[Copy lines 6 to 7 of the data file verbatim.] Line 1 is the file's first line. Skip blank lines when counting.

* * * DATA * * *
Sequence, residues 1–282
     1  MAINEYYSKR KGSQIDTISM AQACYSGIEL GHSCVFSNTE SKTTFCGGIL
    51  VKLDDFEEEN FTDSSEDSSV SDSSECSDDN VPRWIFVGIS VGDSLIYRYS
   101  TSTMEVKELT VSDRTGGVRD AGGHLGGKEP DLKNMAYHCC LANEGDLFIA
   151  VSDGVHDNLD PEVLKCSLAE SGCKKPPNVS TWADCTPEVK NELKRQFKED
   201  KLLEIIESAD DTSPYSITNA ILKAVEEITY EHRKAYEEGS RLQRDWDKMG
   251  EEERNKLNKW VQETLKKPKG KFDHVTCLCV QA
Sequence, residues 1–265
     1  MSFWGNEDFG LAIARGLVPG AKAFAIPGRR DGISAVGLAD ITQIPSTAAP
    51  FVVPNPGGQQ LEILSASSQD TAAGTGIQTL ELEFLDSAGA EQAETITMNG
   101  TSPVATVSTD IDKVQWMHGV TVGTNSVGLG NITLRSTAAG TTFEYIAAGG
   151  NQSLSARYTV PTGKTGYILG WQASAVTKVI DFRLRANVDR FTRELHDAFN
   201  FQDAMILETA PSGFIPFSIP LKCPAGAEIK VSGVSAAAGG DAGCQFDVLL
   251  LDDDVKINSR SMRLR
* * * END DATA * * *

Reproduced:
   201  KLLEIIESAD DTSPYSITNA ILKAVEEITY EHRKAYEEGS RLQRDWDKMG
   251  EEERNKLNKW VQETLKKPKG KFDHVTCLCV QA